I guess the real question to ask is, do you really want to know?
In light of United Nation’s World Water Day next week, March 22nd, I wanted to address how little I know about where my water comes from. I realize that even though there are water crises, droughts, and groundwater pollution all around the world, that I should start somewhere and just look in my own backyard to gain some insight of our current global water issues.
I turn to the EWG’s (Environmental Working Group) website, who have compiled water data from the EPA and public utilities to help consumers understand what is in our tap water. A simple entry of my zip code gives me access to information on my local utility and water treatment plants.
While it seems that our water is “safe to drink” because its made it’s way through our utilities and into our homes, it is alarming how many contaminants invisibly lie within. A “contaminant” is considered an added chemical into our waterways, whether its through agriculture, industrial runoffs, or even a bi-product of the water treatment itself.
These contaminants are labeled as such because of their negative health effects to humans, like cancer-causing chemicals, as well as adverse effects on the environment.
After inputting my zip code and selecting my district, I was shocked to learn that where I live in the city of Denver (that services 1 million people) was found to have 6 contaminants in our water that is higher than health guidelines. These contaminants included:
Hormones (a specific one labeled that is linked to steroids, 4-Androstene-3, 17-dione)
Hexavalent Chromium (remember Erin Brokovich anyone?)
Radiological Contaminants (Radium & Uranium)
While the EWG shows that even though these levels are still above the health guidelines, that compared to other utilities within the state and the Nation, it is actually quite low (see the example below)
I had NO idea that water quality within the nation were this bad. I knew the water issue in Flint, Michigan was linked to problems with lead poisoning in the groundwater but I hadn’t realized that chemicals like Chloroform are ADDED to our waterways at water treatment facilities. That chemical in high doses is meant to poison people on purpose!
The graphs and information on the database are extremely easy to understand and have great navigation and resources to understand how and WHY our water is contaminated. Out of the 6 over the level contaminants and the 13 “other detected” contaminants in my area, the causation of the pollution is clearly labeled as to what contaminant came from which source.
It makes sense that here in Colorado, we have runoff from local agriculture production, as well as a high number of naturally occurring contaminants with our heavy, mineral soils. However, it never occurred to me that so many of our contaminants come from “Industry” operations. Isn’t this where we should pressure our politicians to have large, polluting corporations clean up their acts? This in itself seems like some seriously muddy-waters of finding who is really to blame.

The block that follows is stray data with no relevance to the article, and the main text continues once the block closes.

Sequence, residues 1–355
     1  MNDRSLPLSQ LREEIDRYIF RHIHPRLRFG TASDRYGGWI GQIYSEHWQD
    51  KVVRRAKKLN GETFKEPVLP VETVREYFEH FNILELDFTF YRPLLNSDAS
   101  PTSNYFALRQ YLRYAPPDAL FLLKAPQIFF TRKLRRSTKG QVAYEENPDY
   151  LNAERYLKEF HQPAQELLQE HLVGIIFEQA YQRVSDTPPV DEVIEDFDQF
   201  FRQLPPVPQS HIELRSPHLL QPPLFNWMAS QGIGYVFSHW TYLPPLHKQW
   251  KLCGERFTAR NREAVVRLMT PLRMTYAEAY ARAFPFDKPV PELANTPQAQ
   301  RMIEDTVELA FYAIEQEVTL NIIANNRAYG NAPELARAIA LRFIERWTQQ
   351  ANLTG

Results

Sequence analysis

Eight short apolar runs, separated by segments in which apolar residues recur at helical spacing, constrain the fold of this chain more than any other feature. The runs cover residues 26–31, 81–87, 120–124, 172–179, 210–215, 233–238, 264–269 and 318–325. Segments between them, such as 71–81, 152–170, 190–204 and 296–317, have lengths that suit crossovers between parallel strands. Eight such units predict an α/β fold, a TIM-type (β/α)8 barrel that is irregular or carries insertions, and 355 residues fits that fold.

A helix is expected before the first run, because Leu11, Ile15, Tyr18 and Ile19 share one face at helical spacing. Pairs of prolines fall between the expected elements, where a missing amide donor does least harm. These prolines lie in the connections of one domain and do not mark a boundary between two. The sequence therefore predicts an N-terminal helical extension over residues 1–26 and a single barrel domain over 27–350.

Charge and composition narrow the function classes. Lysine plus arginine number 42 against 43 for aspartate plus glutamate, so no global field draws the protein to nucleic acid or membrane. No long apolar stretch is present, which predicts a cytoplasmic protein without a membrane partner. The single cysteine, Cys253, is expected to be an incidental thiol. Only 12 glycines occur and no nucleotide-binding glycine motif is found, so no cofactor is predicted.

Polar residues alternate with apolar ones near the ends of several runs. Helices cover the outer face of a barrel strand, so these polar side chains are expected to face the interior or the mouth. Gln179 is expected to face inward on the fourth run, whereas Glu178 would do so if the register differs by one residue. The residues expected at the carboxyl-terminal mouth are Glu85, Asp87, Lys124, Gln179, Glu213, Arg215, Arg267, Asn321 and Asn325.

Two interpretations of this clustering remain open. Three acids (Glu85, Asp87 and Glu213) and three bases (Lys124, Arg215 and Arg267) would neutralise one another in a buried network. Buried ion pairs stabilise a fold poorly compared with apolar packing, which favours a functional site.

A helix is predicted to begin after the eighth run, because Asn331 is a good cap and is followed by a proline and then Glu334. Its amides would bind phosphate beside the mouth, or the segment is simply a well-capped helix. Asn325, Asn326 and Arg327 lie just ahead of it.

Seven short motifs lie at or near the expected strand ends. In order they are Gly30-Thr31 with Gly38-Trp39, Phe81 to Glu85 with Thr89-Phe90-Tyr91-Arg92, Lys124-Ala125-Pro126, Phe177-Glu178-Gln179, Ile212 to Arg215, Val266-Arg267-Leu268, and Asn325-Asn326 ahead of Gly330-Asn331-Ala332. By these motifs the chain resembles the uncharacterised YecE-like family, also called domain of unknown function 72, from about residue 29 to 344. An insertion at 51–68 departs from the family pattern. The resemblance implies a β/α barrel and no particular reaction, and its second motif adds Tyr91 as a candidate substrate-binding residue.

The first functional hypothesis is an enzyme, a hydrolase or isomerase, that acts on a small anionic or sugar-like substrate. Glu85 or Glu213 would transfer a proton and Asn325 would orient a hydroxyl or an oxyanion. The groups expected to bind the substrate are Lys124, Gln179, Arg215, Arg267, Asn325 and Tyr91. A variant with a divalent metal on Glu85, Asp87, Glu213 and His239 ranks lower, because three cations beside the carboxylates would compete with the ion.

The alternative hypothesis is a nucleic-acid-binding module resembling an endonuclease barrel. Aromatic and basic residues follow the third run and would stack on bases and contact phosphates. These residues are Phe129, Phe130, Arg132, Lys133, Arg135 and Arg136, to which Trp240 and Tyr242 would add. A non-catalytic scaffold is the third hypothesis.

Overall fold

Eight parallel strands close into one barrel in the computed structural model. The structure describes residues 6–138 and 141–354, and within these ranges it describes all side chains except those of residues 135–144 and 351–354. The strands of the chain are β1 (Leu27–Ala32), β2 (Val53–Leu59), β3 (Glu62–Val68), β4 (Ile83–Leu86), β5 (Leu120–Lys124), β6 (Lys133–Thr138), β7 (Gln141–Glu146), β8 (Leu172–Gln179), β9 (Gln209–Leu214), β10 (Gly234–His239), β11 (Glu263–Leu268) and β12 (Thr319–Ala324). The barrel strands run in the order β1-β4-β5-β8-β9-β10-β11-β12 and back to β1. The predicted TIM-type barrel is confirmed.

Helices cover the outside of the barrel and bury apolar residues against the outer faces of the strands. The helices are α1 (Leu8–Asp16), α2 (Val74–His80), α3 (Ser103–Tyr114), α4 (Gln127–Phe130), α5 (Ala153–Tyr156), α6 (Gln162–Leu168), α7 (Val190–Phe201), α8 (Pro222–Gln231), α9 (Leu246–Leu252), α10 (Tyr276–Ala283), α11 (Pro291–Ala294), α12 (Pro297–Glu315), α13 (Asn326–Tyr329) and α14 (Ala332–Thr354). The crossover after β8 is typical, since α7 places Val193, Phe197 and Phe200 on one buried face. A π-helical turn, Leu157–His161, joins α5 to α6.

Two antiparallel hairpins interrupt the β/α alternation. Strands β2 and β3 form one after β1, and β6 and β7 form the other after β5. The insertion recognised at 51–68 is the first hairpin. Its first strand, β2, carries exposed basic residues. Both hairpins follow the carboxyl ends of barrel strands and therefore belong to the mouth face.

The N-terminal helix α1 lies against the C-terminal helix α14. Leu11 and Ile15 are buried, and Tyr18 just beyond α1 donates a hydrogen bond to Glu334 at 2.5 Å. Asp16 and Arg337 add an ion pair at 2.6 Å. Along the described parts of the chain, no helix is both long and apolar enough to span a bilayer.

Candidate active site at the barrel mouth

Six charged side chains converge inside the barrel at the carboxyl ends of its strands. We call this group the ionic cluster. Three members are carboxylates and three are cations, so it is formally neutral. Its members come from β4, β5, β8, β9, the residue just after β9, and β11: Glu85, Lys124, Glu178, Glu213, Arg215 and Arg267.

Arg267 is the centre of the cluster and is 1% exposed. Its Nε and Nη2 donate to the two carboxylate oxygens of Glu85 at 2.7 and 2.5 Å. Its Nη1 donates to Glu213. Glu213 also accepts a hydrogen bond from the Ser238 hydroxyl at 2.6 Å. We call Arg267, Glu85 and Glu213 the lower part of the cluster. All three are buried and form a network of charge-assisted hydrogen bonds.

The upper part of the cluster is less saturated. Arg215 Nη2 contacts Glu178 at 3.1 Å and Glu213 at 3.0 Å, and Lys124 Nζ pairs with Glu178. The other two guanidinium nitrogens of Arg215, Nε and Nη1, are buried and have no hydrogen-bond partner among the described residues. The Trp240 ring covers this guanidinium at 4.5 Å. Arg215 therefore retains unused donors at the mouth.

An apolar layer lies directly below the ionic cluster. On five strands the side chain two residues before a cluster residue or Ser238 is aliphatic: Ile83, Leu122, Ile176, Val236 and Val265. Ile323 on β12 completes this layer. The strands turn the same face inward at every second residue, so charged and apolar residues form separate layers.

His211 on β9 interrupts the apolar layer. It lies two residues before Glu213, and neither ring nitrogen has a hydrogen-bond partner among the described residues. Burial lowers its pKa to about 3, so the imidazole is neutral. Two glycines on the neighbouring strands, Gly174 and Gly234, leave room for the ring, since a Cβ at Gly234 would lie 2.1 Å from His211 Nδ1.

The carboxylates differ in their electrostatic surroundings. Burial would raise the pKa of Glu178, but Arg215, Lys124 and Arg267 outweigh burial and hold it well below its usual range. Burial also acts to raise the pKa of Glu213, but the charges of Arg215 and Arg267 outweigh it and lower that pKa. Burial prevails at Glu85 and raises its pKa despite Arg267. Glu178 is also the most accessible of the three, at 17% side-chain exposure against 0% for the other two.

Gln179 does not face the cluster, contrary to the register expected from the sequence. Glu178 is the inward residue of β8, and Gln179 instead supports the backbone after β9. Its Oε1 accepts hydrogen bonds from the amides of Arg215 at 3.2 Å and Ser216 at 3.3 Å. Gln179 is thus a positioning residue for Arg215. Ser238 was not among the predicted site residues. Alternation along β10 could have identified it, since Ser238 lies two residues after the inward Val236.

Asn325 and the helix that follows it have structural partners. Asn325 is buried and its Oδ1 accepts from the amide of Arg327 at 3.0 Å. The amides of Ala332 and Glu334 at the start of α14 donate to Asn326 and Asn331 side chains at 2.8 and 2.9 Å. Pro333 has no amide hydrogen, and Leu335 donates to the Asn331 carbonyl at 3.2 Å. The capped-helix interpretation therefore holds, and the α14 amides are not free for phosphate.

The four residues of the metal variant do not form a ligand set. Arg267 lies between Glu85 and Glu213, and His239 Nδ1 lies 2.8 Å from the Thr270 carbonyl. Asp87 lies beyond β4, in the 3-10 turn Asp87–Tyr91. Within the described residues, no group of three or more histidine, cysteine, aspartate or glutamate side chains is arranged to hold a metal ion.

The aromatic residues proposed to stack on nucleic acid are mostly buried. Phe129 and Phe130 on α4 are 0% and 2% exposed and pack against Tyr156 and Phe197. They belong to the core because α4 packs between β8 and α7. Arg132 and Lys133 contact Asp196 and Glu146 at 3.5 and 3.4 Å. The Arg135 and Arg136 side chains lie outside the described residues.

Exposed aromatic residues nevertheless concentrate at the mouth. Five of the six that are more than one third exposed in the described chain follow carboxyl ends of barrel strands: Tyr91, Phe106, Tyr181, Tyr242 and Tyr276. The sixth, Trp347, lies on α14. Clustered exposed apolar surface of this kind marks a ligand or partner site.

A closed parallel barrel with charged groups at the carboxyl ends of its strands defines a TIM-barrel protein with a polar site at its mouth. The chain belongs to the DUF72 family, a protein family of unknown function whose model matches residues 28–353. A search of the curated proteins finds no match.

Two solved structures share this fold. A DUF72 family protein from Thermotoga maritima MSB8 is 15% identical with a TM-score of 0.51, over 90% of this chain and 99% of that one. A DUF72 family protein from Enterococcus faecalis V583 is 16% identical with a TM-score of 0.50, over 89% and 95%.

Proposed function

BUT! There is hope. It does state that most at-home water filters can remove these contaminants from your tap water, whether it be a carbon filter (like a Brita) or a more serious and permanent operation like a reverse-osmosis system. However some hormone contaminants are extremely difficult to remove with the more basic-type filtration systems, and it does not surprise me that so many individuals are experiencing fertility issues with all this nastiness in their water.
Some of you might think that pre-packaged water is the solution for where you live, as it does seem that water quality also correlates with regional income levels. Bottled and packaged water are NOT the solution, as most do come from tap water sources (like Dasani…) and even though that bottled water packaging portrays a beautiful spring on a mountain top, it is likely it came just down the river from other industrial and agricultural run-off situations. Plus the downside of all that is that with current water shortages with climate change, the whole “it takes 3 bottles of water to make just 1 plastic bottle” thing doesn’t really do anyone any favors.
If we are really advised to drink 8 glasses of water a day, shouldn’t we also be advised on what goes into our water as well as what we can do about it?
That while we might be trying to be on top of our health game and staying hydrated, we are flushing our systems with a mess of chemicals too? I encourage you to put in your zip code and see what with you are working with, and then research which water filter systems work best for your family and your home. (I personally have a Berkey water system, stay tuned for my next post sharing my love for my big B!)
I find this topic so fascinating as citizens and consumers, we think we are safe. Let me know what you find out about your area as I am curious to what other contaminants are out there!!
Check out your local water health here -> https://www.ewg.org